In the beginning it’s often easy to start a feature or entire system based on a CRUD approach. As time progresses the CRUD approach becomes less ideal or an outright entangled mess.
For example take an imaginative thing called an event. It has a title and description people can read plus a number of seats. A CRUD implementation works perfectly fine for this.
A new feature is added that allows people to book seats at an event. At this moment something important happens that often goes unnoticed. The number of seats at an event are no longer something that should be implemented with CRUD.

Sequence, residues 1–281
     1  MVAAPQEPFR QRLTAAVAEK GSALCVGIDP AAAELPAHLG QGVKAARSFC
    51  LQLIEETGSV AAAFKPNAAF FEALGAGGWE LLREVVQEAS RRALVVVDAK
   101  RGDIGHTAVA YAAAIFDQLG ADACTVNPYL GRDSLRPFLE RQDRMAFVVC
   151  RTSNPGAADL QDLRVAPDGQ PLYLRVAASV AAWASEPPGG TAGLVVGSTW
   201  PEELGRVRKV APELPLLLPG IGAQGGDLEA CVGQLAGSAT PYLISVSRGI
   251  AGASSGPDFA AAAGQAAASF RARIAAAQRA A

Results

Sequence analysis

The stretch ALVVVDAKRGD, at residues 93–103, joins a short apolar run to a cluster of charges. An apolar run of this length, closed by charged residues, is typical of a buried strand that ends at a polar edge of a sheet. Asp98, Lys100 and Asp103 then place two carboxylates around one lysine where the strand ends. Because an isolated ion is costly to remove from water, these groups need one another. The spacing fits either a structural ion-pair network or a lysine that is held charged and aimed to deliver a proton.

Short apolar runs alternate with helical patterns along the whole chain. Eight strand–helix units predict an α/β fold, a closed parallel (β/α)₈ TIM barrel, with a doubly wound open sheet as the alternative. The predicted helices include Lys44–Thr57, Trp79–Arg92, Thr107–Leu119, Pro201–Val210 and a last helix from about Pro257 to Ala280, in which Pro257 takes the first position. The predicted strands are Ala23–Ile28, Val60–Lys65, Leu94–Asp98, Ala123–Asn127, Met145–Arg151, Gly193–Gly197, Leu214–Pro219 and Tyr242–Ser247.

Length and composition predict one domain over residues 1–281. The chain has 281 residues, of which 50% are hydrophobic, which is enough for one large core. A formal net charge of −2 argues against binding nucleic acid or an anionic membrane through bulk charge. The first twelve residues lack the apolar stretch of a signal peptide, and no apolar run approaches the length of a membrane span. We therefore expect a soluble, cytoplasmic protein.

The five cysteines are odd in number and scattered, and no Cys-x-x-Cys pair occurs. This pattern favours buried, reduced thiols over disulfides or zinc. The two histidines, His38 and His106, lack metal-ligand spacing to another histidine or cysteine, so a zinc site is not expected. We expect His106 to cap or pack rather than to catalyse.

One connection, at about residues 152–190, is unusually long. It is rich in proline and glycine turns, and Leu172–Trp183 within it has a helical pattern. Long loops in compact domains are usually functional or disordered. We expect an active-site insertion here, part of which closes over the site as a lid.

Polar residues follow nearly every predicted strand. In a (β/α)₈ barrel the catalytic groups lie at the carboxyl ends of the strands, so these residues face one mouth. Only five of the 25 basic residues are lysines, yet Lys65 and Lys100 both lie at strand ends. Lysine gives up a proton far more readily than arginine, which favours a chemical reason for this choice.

Instead making seats available for an event needs to be modelled explicitly in the business logic same as booking a seat. This explicitness makes it possible to build and establish business processes that are visible.
It’s often hard to spot when the fine line between CRUD and business logic is crossed. The later it is spotted the more painful moving away from CRUD gets.